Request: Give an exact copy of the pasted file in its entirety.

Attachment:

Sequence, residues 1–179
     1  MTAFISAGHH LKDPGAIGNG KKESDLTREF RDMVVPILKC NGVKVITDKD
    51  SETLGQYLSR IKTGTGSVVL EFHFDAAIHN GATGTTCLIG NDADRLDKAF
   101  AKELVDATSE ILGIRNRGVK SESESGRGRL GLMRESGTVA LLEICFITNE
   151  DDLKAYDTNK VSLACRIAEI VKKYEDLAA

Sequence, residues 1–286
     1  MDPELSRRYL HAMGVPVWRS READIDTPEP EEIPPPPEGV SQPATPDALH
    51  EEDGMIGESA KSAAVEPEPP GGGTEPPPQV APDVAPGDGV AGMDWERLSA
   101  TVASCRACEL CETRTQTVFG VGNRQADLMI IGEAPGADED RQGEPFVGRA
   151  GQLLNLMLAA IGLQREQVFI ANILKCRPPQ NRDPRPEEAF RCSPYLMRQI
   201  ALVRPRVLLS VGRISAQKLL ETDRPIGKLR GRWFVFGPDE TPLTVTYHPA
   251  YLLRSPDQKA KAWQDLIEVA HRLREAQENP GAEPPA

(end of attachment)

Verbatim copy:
Sequence, residues 1–179
     1  MTAFISAGHH LKDPGAIGNG KKESDLTREF RDMVVPILKC NGVKVITDKD
    51  SETLGQYLSR IKTGTGSVVL EFHFDAAIHN GATGTTCLIG NDADRLDKAF
   101  AKELVDATSE ILGIRNRGVK SESESGRGRL GLMRESGTVA LLEICFITNE
   151  DDLKAYDTNK VSLACRIAEI VKKYEDLAA

Sequence, residues 1–286
     1  MDPELSRRYL HAMGVPVWRS READIDTPEP EEIPPPPEGV SQPATPDALH
    51  EEDGMIGESA KSAAVEPEPP GGGTEPPPQV APDVAPGDGV AGMDWERLSA
   101  TVASCRACEL CETRTQTVFG VGNRQADLMI IGEAPGADED RQGEPFVGRA
   151  GQLLNLMLAA IGLQREQVFI ANILKCRPPQ NRDPRPEEAF RCSPYLMRQI
   201  ALVRPRVLLS VGRISAQKLL ETDRPIGKLR GRWFVFGPDE TPLTVTYHPA
   251  YLLRSPDQKA KAWQDLIEVA HRLREAQENP GAEPPA